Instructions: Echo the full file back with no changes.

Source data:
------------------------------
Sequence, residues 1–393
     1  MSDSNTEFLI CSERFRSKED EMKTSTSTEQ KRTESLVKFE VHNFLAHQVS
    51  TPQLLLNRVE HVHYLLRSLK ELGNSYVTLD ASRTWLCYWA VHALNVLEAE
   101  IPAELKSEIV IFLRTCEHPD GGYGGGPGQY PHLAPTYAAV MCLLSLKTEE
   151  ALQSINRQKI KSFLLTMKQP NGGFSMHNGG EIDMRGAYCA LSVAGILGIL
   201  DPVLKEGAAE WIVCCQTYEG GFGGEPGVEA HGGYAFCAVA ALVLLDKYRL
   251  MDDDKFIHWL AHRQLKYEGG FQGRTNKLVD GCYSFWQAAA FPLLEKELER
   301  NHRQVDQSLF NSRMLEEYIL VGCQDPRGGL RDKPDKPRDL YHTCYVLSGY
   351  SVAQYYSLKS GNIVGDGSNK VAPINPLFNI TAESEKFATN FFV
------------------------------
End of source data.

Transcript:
Sequence, residues 1–393
     1  MSDSNTEFLI CSERFRSKED EMKTSTSTEQ KRTESLVKFE VHNFLAHQVS
    51  TPQLLLNRVE HVHYLLRSLK ELGNSYVTLD ASRTWLCYWA VHALNVLEAE
   101  IPAELKSEIV IFLRTCEHPD GGYGGGPGQY PHLAPTYAAV MCLLSLKTEE
   151  ALQSINRQKI KSFLLTMKQP NGGFSMHNGG EIDMRGAYCA LSVAGILGIL
   201  DPVLKEGAAE WIVCCQTYEG GFGGEPGVEA HGGYAFCAVA ALVLLDKYRL
   251  MDDDKFIHWL AHRQLKYEGG FQGRTNKLVD GCYSFWQAAA FPLLEKELER
   301  NHRQVDQSLF NSRMLEEYIL VGCQDPRGGL RDKPDKPRDL YHTCYVLSGY
   351  SVAQYYSLKS GNIVGDGSNK VAPINPLFNI TAESEKFATN FFV